"It is quite important to recreate a mechanism where liquidity is separated from large scale financial gambling."
In other words, money must be issued debt-free (without interest) in the public interest (the common good) and its quantity transparently controlled. This implies that the state's sovereign right must be exercised for this to happen (the government must issue the money to the good produced) and the power taken away from the banks that have enslaved the governments.
"We have basically two levels of decision-making. One is separating liquidity in the banking sector from other kinds of speculative financial activity. This I would do for sure...the second point then is...whether fractional reserve banking itself has value enough to keep it in its current form."
"Really I can only emphasize the palpable anger and vulnerability that's felt right now is very, very high."
"I believe we have a crisis of values that is extremely deep...Because the regulations and the legal structures need reform...But I meet a lot of these people on Wall Street on a regular basis right now. I'm going to put it very bluntly: I regard the moral environment as pathological. I'm talking about the human interactions that I have. I've not seen anything like this, not felt it so palpably. These people are out to make billions of dollars and nothing should stop them from that. They have no responsibility to pay taxes, they have no responsibility to their clients, they have no responsibility to people's counter-parties in transactions; they are tough, greedy, aggressive, and feel absolutely out of control - in a quite literal sense. And they have gained the system to a remarkable extent, and they have a docile president, a docile White House, and a docile regulatory system that absolutely cannot find its voice; it's terrified of these companies. If you look at the campaign contributions, which I happened to do yesterday for another purpose, the financial markets are the number one campaign contributors in the U.S. system now. We have a corrupt politics to the core, I'm afraid to say. Both parties are up to their necks in this. It has nothing to do with Democrats or Republicans; it really doesn't have anything to do with right wing or left wing; the corruption is as far as I can see, everywhere. But what it has led to is this sense of impunity that is really stunning, and you feel it on the individual level right now, and it's very, very unhealthy. I have waited for five years now to see one figure on Wall Street speak in a moral language, and I've not seen it once. And that is shocking to me."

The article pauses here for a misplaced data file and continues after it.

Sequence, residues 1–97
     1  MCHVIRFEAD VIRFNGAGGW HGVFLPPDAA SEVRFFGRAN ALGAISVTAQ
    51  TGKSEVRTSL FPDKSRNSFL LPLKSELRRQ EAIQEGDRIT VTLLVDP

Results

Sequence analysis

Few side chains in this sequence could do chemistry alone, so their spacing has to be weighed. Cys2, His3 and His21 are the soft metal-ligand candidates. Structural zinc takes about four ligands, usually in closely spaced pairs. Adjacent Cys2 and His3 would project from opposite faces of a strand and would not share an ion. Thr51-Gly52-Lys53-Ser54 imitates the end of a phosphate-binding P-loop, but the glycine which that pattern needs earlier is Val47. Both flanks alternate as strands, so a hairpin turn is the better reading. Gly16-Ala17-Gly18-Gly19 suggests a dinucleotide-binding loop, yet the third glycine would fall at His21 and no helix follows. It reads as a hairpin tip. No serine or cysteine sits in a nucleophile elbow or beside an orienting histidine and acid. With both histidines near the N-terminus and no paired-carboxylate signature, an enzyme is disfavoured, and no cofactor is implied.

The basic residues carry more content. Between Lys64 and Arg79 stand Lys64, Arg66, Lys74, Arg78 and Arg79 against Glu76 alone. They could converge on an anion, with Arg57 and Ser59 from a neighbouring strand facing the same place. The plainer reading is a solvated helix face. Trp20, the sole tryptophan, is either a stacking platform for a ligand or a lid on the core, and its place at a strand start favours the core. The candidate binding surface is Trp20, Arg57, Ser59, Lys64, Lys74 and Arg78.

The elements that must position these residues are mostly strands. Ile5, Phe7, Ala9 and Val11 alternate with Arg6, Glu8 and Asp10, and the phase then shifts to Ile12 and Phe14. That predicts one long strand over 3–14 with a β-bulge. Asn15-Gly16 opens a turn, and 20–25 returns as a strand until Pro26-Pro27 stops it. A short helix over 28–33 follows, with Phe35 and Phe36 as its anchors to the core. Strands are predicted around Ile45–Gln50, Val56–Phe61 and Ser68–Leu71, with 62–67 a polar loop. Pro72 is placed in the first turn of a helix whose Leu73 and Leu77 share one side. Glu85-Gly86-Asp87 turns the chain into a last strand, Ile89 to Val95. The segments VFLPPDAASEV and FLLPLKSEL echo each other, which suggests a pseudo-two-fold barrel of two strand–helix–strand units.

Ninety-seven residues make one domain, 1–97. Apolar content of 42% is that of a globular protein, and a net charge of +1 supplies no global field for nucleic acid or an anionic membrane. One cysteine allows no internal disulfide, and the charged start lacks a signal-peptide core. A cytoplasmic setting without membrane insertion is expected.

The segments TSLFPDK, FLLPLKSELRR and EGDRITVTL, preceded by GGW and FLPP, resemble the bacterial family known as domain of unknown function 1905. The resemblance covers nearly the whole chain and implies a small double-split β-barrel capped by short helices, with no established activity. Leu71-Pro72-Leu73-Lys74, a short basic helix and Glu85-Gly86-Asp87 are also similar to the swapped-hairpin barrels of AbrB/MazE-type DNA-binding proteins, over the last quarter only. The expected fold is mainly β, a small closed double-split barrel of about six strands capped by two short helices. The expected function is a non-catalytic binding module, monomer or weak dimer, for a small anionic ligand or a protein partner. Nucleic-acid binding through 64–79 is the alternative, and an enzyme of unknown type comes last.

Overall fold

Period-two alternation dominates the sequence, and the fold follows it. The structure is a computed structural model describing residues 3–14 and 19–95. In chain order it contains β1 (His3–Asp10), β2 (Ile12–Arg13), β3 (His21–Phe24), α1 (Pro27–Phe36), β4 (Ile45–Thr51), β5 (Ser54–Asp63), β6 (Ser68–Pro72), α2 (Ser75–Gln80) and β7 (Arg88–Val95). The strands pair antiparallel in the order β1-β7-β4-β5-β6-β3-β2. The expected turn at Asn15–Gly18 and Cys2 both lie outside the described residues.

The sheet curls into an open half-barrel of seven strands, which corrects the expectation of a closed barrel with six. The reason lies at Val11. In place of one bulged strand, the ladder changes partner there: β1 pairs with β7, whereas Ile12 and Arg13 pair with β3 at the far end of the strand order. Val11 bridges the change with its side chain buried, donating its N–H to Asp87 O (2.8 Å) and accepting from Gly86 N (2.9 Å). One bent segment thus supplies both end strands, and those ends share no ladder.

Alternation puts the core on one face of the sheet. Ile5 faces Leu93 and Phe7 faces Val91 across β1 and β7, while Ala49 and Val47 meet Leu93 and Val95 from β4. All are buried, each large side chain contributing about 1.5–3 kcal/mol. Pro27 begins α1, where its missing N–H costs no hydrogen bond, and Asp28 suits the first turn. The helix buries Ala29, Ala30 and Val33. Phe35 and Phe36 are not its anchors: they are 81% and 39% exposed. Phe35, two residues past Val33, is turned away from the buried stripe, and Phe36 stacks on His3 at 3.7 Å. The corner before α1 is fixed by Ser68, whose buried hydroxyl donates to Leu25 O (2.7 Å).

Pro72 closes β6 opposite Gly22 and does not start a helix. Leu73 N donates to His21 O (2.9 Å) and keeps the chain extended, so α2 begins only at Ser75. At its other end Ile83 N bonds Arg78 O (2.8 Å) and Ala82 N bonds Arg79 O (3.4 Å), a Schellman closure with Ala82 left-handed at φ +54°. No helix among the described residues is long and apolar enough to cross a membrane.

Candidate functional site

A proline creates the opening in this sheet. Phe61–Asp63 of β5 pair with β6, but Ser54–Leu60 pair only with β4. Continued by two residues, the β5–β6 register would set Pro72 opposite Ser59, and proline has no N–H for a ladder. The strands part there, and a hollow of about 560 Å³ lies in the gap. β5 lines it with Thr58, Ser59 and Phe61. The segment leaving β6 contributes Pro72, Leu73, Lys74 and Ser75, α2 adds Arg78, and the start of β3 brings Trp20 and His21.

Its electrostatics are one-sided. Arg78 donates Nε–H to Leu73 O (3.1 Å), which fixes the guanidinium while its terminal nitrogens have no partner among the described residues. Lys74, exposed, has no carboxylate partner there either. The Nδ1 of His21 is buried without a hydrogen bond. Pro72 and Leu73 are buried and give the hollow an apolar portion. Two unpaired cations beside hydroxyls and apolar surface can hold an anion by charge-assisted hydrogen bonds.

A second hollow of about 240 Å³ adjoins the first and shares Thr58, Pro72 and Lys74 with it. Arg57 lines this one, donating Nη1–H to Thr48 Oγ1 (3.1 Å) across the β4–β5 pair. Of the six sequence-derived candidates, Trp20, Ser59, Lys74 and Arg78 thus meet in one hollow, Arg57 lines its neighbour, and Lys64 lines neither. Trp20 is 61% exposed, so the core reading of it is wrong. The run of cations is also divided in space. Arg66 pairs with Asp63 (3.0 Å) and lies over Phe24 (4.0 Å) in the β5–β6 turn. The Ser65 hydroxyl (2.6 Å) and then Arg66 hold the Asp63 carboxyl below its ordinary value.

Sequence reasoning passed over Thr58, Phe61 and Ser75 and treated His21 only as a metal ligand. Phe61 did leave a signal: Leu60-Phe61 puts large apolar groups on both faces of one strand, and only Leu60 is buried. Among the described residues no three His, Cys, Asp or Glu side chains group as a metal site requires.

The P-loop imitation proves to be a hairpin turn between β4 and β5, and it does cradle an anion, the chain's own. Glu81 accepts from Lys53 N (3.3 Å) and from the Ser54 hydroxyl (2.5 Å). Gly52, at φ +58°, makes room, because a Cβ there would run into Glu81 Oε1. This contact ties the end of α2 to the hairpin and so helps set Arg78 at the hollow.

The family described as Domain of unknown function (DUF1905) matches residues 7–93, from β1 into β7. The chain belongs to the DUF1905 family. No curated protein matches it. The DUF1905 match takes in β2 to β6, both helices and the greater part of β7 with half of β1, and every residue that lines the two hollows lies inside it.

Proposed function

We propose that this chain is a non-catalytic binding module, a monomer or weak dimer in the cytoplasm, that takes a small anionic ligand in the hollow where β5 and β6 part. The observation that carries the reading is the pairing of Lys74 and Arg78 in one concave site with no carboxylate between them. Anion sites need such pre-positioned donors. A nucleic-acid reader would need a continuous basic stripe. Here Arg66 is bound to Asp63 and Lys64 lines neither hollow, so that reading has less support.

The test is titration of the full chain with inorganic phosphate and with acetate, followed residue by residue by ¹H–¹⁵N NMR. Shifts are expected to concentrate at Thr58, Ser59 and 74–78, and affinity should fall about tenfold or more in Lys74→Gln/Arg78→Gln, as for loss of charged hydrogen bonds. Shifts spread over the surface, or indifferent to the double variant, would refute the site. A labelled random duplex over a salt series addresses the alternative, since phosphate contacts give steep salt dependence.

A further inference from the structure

--Jeffrey Sachs of Columbia University (Bold italics mine)